Or consider coming up with your own non-traditional routings, a website or a phone agent is only likely to search the most obvious and ‘logical’ routings but a connection in Mexico or Canada when traveling from the US to Europe is often allowed and available even if it’s not proactively offered to you. Or using American miles to fly to San Juan and on to Madrid on Iberia.
- Get expert help. Many of the folks who read this blog are interested enough in the chase to learn to do it themselves, to invest the time, to become at least a semi-expert in their own right. For those folks I’d always rather offer advice than charge a service fee to do it for them. But many people are like Scott’s Journal readers, are not going to learn the minutiae of airline schedules to figure out routings the airlines won’t think to offer and then develop knowledge of partner websites to find availability so you know when to hang up call back should you get an unhelpful agent. For those times, there are experts — I offer a service (that for some reason I rarely write about!). And I’m not the only one, I have full confidence in Ben from the One Mile at a Time blog and also Matthew from Live and Let’s Fly.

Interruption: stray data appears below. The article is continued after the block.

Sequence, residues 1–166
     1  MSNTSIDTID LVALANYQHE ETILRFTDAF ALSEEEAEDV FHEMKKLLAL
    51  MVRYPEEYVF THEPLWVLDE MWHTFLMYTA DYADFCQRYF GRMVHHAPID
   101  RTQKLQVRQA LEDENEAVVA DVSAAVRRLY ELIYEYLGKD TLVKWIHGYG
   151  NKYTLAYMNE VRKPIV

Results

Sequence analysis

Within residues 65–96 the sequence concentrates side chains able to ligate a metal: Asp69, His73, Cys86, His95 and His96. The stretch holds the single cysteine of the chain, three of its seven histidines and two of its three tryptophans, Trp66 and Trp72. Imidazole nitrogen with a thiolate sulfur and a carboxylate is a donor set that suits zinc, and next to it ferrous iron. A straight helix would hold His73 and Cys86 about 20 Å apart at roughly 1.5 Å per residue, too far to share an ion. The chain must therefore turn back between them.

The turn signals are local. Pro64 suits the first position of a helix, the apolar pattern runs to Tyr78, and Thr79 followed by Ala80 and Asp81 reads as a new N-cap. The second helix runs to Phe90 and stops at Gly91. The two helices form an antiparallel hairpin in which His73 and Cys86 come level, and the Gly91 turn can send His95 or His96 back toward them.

Miles are hugely valuable. I’m writing this onboard a Cathay Pacific first class flight from Hong Kong to Chicago (paid for on points) where I spent five nights at the Park Hyatt Hadahaa in the Maldives (also on points). I would never in my lifetime be able to afford this sort of aspirational travel, and it’s something I do all the time.
When I mentioned to my boss a year ago that I was headed to Asia on vacation, he said “Again?” I said what do you mean again? He replied, “you were just in India two months ago.” I demurred, “Yes, but that was Central Asia.” On that trip I flew ANA first class, Singapore first class, and Thai first class, and had the entire cabin on two of those flights. And that is why I collect miles and points. Not to get a penny a point with a coach ticket to Austin.